This course focuses on East Asia, broadly defined, as the main geographic area of study. With the presence of the world’s largest economies, diverse political governance and cultures, nuclear weapons states, and multiple great powers enmeshing in the region, East Asia is one of the most dynamic and consequential regions in world politics. During the Cold War, East Asia witnessed intense competition and conflict between the superpowers and among the states in the region. In the post-Cold War era, the region has become an important powerhouse in the world economy and is undergoing a significant shift in the balance of power whose trajectory and outcomes remain uncertain.
This class, therefore, examines and analyses the dynamics of this region, primarily, through the lens of the International Relations discipline. Discussions will navigate the region’s historical background; examines sources of conflict and cooperation; assesses competing explanations for key events in East Asia’s international relations. Readings will be drawn from international relations, political science, history, and related fields.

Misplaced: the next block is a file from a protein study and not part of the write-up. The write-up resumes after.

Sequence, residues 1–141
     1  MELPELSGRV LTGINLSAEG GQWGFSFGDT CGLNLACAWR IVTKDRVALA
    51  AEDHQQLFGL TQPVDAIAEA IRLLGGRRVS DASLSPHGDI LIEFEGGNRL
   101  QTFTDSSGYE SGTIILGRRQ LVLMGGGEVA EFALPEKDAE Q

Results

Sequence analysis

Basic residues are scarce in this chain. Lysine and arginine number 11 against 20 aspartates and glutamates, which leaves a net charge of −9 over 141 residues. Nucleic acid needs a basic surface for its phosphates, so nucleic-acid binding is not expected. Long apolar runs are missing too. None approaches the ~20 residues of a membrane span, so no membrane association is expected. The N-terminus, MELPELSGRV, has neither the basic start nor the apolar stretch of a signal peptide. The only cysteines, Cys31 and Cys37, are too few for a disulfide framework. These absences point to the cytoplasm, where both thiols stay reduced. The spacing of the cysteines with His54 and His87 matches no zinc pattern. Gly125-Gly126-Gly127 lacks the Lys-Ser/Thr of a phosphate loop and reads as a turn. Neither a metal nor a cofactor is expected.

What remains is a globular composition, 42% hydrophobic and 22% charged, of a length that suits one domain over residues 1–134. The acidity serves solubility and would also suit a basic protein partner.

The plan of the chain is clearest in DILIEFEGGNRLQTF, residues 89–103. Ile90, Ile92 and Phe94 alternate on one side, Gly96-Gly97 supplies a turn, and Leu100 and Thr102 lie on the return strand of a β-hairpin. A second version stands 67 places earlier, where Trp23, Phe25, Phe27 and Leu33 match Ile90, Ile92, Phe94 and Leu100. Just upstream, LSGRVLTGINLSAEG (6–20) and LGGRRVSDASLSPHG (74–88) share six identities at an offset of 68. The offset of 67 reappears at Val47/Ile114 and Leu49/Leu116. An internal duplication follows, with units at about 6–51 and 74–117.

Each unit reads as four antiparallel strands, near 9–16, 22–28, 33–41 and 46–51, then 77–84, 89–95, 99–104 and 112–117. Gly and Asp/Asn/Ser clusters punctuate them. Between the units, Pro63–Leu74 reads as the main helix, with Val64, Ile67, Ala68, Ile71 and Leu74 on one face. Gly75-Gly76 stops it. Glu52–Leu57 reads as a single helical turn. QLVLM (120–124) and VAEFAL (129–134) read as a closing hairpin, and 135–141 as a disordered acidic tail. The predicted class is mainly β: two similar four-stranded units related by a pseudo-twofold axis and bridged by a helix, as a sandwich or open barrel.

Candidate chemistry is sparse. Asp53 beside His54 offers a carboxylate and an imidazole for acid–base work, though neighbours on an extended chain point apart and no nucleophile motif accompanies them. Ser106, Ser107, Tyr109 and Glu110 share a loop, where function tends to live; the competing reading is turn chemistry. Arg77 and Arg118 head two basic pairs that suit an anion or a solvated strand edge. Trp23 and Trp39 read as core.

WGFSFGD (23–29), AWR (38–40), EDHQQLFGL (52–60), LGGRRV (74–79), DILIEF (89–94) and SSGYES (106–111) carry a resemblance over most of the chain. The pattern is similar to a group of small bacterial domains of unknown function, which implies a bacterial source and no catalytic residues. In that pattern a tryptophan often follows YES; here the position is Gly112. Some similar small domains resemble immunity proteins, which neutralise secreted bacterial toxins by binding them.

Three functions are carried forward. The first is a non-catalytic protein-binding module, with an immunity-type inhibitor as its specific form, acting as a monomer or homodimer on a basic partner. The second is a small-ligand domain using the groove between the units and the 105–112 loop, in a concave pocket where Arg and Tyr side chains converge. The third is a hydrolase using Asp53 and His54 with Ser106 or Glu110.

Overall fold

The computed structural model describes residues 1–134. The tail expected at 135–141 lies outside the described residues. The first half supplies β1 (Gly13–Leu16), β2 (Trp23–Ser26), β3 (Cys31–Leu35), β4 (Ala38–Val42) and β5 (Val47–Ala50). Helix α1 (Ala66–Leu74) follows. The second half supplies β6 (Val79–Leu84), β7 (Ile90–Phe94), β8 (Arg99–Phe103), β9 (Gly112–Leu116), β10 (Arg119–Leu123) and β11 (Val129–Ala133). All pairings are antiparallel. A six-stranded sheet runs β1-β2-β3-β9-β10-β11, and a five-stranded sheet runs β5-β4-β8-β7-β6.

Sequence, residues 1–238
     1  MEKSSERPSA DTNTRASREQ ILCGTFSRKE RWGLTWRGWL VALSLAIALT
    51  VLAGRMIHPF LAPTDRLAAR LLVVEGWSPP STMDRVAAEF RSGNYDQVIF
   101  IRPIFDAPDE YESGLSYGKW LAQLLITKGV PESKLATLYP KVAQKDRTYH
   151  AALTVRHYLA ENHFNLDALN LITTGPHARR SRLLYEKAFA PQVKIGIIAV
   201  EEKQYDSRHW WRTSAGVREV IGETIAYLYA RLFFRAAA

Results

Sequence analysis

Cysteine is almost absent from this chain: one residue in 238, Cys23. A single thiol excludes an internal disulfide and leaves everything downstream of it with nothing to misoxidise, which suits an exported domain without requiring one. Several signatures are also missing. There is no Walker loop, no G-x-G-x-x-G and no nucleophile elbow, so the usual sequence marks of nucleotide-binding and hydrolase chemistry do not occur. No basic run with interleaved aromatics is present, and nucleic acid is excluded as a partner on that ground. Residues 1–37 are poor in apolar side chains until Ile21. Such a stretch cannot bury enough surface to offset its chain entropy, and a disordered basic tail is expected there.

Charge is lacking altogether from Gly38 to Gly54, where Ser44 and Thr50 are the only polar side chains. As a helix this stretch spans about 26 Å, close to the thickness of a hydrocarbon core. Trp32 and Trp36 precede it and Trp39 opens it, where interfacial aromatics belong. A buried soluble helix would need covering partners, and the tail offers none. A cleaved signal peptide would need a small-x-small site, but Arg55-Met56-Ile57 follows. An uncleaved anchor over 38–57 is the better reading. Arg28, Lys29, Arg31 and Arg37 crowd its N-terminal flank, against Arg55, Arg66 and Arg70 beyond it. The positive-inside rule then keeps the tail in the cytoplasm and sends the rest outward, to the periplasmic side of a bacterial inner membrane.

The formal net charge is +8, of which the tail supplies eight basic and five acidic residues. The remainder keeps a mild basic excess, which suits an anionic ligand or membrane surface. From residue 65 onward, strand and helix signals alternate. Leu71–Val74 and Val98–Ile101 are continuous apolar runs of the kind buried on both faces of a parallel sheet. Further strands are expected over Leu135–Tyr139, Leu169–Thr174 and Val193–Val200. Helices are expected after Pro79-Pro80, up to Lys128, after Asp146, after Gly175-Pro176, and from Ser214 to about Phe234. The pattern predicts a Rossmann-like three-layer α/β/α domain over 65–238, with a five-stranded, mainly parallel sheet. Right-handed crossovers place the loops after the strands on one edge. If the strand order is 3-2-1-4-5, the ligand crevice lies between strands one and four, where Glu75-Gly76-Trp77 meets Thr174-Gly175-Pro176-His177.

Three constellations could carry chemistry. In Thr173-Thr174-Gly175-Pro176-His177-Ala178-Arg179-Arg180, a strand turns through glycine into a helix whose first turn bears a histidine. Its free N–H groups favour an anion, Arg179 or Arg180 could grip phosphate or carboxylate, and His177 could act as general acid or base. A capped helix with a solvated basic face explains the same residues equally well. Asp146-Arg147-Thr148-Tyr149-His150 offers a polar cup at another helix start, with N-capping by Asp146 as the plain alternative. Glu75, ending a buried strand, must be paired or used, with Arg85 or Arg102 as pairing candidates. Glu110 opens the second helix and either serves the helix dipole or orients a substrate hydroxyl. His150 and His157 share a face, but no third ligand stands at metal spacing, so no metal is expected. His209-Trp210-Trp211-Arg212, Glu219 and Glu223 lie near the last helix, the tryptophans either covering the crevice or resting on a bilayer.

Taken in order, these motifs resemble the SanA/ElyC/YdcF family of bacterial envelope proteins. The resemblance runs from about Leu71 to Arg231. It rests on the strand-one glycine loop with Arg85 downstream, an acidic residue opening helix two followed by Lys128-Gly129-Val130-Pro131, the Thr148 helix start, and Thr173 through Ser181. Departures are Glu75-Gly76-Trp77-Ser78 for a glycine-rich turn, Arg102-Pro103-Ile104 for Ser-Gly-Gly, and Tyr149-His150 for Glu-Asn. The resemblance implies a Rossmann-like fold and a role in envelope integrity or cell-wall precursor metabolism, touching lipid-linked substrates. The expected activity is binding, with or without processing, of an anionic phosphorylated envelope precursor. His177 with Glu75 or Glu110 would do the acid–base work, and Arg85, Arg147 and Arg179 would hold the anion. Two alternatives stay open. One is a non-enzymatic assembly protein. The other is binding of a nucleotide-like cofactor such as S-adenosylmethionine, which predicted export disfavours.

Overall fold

understand and familiarise with the past and current stage of the region;
evaluate the interaction between the current global and regional politics that may affect the ongoing adjustment of international relations in the region;
offer a reasonable analysis on important issues in the region;
make a policy evaluation and suggestion for future relevant to the key events or problems.